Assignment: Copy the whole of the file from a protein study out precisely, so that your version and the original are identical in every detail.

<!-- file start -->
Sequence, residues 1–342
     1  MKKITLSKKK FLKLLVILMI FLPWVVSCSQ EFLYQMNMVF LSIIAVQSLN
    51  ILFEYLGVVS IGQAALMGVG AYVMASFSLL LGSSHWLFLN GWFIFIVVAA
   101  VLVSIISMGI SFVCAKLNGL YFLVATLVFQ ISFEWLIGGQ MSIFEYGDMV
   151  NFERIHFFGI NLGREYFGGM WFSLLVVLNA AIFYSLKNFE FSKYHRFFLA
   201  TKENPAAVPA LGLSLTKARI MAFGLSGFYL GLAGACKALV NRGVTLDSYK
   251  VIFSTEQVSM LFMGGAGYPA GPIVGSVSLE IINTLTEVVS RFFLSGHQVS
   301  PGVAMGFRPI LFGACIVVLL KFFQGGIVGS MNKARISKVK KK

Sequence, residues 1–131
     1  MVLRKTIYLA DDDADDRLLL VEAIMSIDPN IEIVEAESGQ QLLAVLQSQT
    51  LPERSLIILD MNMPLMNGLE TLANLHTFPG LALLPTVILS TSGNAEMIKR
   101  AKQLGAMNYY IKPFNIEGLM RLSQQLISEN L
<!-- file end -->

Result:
Sequence, residues 1–342
     1  MKKITLSKKK FLKLLVILMI FLPWVVSCSQ EFLYQMNMVF LSIIAVQSLN
    51  ILFEYLGVVS IGQAALMGVG AYVMASFSLL LGSSHWLFLN GWFIFIVVAA
   101  VLVSIISMGI SFVCAKLNGL YFLVATLVFQ ISFEWLIGGQ MSIFEYGDMV
   151  NFERIHFFGI NLGREYFGGM WFSLLVVLNA AIFYSLKNFE FSKYHRFFLA
   201  TKENPAAVPA LGLSLTKARI MAFGLSGFYL GLAGACKALV NRGVTLDSYK
   251  VIFSTEQVSM LFMGGAGYPA GPIVGSVSLE IINTLTEVVS RFFLSGHQVS
   301  PGVAMGFRPI LFGACIVVLL KFFQGGIVGS MNKARISKVK KK

Sequence, residues 1–131
     1  MVLRKTIYLA DDDADDRLLL VEAIMSIDPN IEIVEAESGQ QLLAVLQSQT
    51  LPERSLIILD MNMPLMNGLE TLANLHTFPG LALLPTVILS TSGNAEMIKR
   101  AKQLGAMNYY IKPFNIEGLM RLSQQLISEN L